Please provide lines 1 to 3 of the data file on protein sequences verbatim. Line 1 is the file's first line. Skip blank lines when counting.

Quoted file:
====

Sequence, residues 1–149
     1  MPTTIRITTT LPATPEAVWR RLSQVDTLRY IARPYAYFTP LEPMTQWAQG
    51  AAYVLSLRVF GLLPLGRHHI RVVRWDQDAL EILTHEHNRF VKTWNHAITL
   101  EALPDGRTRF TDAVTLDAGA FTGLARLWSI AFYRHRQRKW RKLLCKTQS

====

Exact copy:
Sequence, residues 1–149
     1  MPTTIRITTT LPATPEAVWR RLSQVDTLRY IARPYAYFTP LEPMTQWAQG
    51  AAYVLSLRVF GLLPLGRHHI RVVRWDQDAL EILTHEHNRF VKTWNHAITL